Lawmakers tackle disruption of aerial firefighting from UAVs

Lawmakers tackle disruption of aerial firefighting from UAVs

A new law has been passed in Utah, US that will allow authorities to jam drone signals and crash devices that are flying too close to wildfires.

A new law has been passed in Utah, US that will allow authorities to jam drone signals and crash devices that are flying too close to wildfires. The state governor Gary Herbert announced the signing of the law on 18 July, only three days after lawmakers met in a special session to pass the measure.

The law will technically allow firefighters to shoot down drones, but they are expected to use signal jamming technology instead as shooting UAVs down could be too difficult, said State Senator Evan Vickers, who co-sponsored the law.

The law was passed soon after 57-year-old Californian Eric Wamser was arrested for flying a drone over a wildfire in Sacramento. As Utah is currently the only state to have implemented a law that allows authorities to ground drones, California Department of Forestry and Fire Protection (CAL FIRE) was forced to temporarily halt aerial firefighting efforts. Wamser was not charged with flying a drone specifically, but instead was charged with a general misdemeanour and ‘interfering with firefighting efforts’, according to local news outlet KCRA. The incident occurred on 28 June, but CAL FIRE said it was only able to identify Wanser as the culprit when he made footage taken from the drone public.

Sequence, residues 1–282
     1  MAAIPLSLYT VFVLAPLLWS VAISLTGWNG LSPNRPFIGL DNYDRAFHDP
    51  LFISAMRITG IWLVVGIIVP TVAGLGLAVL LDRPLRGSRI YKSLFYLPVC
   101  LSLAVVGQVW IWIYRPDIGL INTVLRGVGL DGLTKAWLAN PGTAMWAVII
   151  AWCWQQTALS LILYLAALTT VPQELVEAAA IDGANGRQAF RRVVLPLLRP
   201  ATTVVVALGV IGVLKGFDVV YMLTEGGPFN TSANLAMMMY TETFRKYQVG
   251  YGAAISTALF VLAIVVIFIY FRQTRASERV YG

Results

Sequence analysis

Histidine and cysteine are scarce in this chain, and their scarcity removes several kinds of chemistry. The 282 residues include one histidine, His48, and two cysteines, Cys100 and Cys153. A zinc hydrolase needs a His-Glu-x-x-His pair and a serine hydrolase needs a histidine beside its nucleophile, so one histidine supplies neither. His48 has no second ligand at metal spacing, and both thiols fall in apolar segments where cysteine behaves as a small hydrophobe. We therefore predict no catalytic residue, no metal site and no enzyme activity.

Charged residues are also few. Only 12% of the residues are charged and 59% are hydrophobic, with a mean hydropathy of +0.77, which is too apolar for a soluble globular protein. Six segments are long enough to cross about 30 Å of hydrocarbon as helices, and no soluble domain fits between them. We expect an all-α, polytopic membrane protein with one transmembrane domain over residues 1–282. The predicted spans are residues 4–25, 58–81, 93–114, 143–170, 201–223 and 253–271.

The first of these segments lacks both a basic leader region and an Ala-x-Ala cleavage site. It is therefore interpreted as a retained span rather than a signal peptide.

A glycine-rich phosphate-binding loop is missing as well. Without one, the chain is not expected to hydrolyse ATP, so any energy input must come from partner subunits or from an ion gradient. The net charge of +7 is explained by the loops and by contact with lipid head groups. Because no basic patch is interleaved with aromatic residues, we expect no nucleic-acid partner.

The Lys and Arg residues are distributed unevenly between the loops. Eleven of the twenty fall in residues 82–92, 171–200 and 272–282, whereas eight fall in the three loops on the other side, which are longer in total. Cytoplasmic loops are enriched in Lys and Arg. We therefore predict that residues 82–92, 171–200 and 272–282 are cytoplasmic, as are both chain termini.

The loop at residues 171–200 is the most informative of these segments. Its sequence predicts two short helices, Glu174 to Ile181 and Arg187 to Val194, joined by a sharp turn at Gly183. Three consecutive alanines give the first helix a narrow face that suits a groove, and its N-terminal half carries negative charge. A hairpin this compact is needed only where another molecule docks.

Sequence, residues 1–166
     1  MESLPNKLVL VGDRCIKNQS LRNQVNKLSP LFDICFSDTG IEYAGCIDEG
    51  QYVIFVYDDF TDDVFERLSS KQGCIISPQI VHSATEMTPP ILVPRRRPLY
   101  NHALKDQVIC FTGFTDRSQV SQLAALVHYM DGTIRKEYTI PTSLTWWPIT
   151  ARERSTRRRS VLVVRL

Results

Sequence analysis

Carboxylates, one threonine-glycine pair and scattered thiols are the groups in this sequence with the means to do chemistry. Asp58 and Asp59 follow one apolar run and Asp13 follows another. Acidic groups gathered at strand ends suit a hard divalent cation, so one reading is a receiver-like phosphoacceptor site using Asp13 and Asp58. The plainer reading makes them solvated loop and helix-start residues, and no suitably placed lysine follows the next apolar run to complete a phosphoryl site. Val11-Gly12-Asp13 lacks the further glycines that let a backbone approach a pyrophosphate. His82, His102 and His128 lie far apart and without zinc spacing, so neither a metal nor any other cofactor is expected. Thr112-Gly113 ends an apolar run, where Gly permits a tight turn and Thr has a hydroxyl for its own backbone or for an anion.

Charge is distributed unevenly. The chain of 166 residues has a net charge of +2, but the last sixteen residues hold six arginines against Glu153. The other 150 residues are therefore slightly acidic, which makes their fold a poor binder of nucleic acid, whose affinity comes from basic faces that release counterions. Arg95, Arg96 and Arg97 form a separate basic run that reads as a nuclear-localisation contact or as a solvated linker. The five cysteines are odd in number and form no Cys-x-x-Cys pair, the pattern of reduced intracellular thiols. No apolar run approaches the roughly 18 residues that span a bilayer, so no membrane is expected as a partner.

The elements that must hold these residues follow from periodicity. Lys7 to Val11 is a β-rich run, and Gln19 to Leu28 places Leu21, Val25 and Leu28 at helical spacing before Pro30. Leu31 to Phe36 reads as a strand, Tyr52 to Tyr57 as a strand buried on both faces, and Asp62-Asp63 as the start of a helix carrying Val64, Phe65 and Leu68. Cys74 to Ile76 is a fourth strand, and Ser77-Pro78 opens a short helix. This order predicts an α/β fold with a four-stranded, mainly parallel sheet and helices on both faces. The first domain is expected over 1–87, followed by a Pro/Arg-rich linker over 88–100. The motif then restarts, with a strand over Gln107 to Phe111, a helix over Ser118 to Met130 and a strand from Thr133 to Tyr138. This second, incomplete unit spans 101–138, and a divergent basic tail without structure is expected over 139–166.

In related news, UAV manufacturer DJI and AirMap, a provider of airspace intelligence and navigation services for UAVs, have added new software which could help keep unauthorised drones from interfering in firefighting operations. AirMap will now obtain wildfire information directly from the US Department of Interior’s command system, and immediately push it to drone pilots through their apps. It will also be sent to DJI’s GEO geofencing system. Although it does not stop pilots from flying drones in wildfire areas, it should help to educate and advise those that are unaware of regulations in wildfire situations. Wamser, for example, told local news outlet KCRA that he ‘wanted to see how close the flames were’ but maybe with access to up-to-date information, and had the consequences been reinforced, he would have been discouraged from flying his drone.